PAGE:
Andrew was the sole one of us with a full-time job and a livable wage. Loeber had the least gear of us. We felt guilty about the proposition of him having to spend hundreds of dollars for the trip. We scrambled for ideas on how to lessen the costly burden of backwoods gear.
Among the monetary challenges was the discovery that Loeber did not own a pair of hiking boots. Though quite costly, we were aware that they were necessary for a journey on the AT.
Luckily, we had a solution.
My father, John, is a large man, easily above six feet with large, wide feet. Our dear Loeber, meanwhile, is often referred to as “Man Small.” He’s roughly 5’ 8’’ with the body of a cross-country runner (as he and Drake were in college). Comically, Loeber’s feet are approximately the same size as my father’s—classifying this so-called Man Small as a legitimate hobbit.
Due to PTO constraints and Loeber having to work Monday morning, we decided that a long weekend would have to be enough for our trek. So, on a Thursday morning in October, Loeber, Drake, and I made our way to Lafayette for our grand adventure; our trip would be somewhat condensed. After 12 odd hours of driving, we arrived at Andrew’s apartment.
We spent the night preparing in the most thoughtful way possible—devouring the delicious feast of gourmet tacos Andrew’s fiancé Sam had kindly prepared for us road-weary travelers while we gulped down bourbon.
At an unreasonable hour, we finally went to bed to get some sleep.
Drake and I claimed the futon bed, and Loeber slunk to the floor.
Sam and Andrew had rescued a blind, decrepit, and haggard chihuahua named Sabyr. Sadly, Sabyr had endured years of trauma and abuse before Andrew and Sam took him into their home and showed him love.
Throughout the night, I would wake to Sabyr rousing and then fearfully shaking in a blind circle around Loeber—perhaps as an act of grim canine prophecy.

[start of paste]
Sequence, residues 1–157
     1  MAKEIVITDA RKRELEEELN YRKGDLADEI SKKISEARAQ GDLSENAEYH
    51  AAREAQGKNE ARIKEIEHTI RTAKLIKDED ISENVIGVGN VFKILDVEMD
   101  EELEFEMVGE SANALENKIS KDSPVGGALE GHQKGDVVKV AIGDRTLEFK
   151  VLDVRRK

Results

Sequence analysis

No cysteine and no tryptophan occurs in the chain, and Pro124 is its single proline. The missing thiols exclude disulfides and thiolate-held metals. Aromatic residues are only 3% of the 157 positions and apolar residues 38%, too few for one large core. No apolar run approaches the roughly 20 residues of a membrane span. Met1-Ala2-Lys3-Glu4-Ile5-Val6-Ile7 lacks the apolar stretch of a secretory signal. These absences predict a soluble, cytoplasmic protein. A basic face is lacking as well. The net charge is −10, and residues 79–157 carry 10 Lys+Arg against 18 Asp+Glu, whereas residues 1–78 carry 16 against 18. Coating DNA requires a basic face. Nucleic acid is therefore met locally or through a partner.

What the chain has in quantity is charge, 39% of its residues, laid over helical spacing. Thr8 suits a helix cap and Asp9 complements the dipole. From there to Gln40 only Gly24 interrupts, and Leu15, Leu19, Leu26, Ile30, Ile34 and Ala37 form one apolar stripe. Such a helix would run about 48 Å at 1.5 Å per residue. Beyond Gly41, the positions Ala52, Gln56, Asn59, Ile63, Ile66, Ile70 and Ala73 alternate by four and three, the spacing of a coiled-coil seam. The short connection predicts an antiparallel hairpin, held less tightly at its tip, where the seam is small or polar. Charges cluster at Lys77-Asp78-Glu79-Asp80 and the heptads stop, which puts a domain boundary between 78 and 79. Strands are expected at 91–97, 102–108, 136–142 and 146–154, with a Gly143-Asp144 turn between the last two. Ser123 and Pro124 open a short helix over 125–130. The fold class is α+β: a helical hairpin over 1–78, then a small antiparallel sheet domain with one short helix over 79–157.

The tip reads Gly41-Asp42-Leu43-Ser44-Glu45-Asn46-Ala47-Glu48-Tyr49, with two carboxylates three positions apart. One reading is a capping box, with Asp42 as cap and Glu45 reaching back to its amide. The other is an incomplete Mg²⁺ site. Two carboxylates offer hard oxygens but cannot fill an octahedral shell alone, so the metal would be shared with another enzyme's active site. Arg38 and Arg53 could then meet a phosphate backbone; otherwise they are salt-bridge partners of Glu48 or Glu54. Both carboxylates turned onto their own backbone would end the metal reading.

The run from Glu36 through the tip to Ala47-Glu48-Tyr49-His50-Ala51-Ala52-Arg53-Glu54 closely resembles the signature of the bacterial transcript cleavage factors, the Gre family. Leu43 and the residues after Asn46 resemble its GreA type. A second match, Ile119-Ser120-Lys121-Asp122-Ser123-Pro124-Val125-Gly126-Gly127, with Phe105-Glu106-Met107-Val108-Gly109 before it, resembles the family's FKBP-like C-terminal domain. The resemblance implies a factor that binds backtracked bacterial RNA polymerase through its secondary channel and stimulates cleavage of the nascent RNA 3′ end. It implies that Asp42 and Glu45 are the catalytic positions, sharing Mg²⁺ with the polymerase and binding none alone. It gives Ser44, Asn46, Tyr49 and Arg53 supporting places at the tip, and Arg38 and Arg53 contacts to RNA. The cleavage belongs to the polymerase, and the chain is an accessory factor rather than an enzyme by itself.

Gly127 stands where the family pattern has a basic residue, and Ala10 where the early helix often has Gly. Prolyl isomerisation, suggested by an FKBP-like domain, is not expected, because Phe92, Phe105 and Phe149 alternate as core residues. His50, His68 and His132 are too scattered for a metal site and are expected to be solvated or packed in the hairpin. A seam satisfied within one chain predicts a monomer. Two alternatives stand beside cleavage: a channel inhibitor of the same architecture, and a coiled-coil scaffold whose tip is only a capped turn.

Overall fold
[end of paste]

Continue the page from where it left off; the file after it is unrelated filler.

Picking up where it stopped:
Sabyr would eventually free himself from this mortal coil by casting himself off the foyer of Andrew’s parents' house. Rest in peace, King.
We realized the importance of departing early in the morning to give us adequate hiking time.
We urgently departed from Andrew’s apartment around noon to embark on our two-hour drive to the start of the AT, Springer Mountain. After some deliberations about taking Andrews’s Volkswagen CC, we decided it was better to take my Jeep.
This was a fortunate decision. The drive involved a tumultuous drive up treacherous dirt mountain roads. We did so while maniacally laughing as we violently bobbed around in our seats. There was little chance that Andrew’s sedan would have made it through the precarious conditions.
Finally, we arrived at the Springer Mountain trailhead.
We planned to head as deep into the mountain trail as possible until returning to our starting point in time to return Loeber to Wisconsin for a work shift.
Oddly enough, our desired midpoint before heading back was none other than the … Gooch Mountain Shelter. While our immature crew had no idea that Gooch Mountain existed before our arrival, its shelter was a distance of a mere 16 miles away—nothing less than a sign from god.
With fresh legs, we set off at a frantic pace, following the famous white blazes of the AT, marking the path every 70 feet or so. The 30 or so pounds of hiking gear each of us had in our packs barely slowed our step.
As we scampered up and down the challenging terrain, and goofed about, the raucous thunder of machine guns echoed about the mountains. We gleaned from fellow hikers that the start of the Appalachian Trail is near Camp Frank D. Merrill Army Base. Camp Merrill is a training ground for U.S. Army Rangers. The proximity to the AT provides a valuable setting for training exercises simulating harsh mountainous environments of foreign lands.
As we scampered along, telling deranged stories and arguing Seinfeldian-type absurdities, we were almost certain that we were catching glimpses of men in ghillie suits stealthily observing us.
It was a most heightened contradiction.
As dusk approached, we had already traversed a brisk nine miles through the mountainous terrain. After some debate, we decided it was time to make camp before making our final push to the Gooch. Though we were confident that we could make the last seven miles, we were concerned about the danger of hiking the rugged terrain in the dark.
Taking into context the group’s collective tendency towards insanity and overconfidence, we realized that if we were unsure if we should push forward, the scales probably tipped towards making camp.
We tracked back around a mile to Hawk Mountain, which had an enclosed shelter for backpackers accompanied by space for a few dozen tents. We discovered that there was an outdoor pit toilet some several hundred feet further down the trail. Admittedly, while I am a fervent outdoor enthusiast, the prospect of digging a hole, shitting in it, and burying it were less than appealing.